The SFFaudio Podcast #102

April 4, 2011 by · Leave a Comment
Filed under: New Releases, Podcasts 

Podcast

The SFFaudio PodcastThe SFFaudio Podcast #102 – Scott, Jesse and Tamahome talk about new audiobook, book, and comic book releases.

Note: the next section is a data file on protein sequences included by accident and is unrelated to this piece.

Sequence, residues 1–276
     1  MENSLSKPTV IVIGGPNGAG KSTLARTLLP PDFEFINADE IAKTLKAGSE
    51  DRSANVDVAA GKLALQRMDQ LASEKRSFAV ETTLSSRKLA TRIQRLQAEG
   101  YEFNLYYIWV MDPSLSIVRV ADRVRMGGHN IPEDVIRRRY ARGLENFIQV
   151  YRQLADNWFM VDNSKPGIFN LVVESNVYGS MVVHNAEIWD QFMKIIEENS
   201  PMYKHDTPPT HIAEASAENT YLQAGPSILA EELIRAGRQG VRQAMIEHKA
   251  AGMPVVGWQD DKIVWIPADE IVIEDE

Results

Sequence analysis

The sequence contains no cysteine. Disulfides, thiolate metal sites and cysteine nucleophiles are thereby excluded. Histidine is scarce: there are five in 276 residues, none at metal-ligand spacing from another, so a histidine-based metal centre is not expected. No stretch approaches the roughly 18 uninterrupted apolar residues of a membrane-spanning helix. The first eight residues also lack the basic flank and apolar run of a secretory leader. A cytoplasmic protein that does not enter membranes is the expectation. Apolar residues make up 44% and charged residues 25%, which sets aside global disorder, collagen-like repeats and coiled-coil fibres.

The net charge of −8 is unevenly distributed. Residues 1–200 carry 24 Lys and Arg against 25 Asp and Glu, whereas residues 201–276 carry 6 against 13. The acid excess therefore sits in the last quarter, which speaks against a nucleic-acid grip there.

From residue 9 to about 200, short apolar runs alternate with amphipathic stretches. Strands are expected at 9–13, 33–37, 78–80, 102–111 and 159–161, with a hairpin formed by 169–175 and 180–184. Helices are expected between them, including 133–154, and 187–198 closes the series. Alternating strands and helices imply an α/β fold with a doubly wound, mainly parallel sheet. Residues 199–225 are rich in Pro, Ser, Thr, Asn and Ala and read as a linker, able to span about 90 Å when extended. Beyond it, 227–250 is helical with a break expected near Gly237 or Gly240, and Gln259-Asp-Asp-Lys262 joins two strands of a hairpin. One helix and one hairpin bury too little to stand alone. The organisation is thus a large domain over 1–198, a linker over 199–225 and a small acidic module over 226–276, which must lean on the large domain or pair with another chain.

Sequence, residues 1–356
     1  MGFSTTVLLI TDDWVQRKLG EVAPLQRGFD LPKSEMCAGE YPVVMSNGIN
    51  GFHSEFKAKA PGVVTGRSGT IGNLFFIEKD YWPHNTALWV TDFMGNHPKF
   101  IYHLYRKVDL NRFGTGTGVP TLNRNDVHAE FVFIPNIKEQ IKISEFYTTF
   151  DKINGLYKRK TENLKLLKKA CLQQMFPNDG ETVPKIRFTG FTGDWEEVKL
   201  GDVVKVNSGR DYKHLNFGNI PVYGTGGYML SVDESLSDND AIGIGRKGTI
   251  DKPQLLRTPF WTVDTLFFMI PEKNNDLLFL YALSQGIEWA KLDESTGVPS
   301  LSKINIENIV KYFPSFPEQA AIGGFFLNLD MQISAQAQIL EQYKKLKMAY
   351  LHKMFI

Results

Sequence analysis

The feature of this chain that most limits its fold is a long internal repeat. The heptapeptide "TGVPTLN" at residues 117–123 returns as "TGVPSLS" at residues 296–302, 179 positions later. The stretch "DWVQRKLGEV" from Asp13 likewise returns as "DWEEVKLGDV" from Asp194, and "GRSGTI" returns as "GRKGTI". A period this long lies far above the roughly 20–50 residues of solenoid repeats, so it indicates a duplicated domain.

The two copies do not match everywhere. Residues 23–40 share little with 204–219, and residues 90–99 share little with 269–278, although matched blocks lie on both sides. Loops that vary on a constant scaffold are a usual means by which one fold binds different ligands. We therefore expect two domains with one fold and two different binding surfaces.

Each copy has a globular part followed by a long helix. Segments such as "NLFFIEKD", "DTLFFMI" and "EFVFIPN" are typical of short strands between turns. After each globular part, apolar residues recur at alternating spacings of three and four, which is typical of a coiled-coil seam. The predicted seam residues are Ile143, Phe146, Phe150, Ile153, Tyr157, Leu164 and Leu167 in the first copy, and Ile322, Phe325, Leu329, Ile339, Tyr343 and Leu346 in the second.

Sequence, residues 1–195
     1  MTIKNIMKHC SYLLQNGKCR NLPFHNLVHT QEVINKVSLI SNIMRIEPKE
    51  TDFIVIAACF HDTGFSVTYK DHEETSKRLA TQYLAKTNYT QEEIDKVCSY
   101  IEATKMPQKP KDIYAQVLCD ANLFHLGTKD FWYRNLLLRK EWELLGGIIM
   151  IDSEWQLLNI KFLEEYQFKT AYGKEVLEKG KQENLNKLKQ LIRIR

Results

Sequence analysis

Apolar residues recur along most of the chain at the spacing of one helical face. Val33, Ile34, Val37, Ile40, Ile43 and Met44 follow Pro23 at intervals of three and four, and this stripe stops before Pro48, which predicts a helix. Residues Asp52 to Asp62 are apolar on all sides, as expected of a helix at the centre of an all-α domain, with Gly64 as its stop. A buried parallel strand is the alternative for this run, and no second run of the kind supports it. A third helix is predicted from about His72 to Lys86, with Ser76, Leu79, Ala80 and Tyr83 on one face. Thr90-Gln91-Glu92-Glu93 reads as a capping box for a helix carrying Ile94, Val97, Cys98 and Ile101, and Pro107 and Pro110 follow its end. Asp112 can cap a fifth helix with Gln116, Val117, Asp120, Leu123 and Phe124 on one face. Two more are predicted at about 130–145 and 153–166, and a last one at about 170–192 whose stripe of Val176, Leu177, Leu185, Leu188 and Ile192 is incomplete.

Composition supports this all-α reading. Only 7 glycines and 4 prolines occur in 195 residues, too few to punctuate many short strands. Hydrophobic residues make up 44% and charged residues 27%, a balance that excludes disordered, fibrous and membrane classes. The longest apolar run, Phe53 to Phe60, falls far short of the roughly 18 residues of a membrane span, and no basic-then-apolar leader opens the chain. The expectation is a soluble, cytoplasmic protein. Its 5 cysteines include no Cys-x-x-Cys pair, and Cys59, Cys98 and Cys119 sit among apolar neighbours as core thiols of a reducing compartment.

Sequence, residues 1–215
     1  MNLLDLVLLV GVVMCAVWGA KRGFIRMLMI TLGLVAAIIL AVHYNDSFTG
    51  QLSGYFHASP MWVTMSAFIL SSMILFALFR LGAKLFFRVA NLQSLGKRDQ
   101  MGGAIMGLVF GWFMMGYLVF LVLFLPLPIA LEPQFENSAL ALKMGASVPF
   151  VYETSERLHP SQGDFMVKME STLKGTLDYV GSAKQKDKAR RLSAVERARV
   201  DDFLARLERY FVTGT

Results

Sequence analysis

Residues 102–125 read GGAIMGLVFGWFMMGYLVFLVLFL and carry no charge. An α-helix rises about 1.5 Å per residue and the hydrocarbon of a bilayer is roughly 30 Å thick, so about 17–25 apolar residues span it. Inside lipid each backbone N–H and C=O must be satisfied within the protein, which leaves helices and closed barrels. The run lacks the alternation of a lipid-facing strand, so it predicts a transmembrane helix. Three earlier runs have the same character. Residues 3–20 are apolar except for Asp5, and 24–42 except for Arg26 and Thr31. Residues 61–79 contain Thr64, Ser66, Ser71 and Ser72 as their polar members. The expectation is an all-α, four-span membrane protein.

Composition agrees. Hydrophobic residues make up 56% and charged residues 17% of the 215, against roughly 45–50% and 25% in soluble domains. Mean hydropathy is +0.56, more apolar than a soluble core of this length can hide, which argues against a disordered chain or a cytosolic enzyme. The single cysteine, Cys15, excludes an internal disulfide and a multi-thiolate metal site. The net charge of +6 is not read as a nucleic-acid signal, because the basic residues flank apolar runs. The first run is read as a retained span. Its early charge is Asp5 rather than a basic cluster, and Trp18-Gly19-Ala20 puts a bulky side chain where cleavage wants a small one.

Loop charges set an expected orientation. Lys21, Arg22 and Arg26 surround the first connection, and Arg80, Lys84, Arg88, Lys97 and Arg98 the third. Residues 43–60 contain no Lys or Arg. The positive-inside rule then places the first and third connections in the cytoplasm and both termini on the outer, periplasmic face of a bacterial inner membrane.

Talked about on today’s show: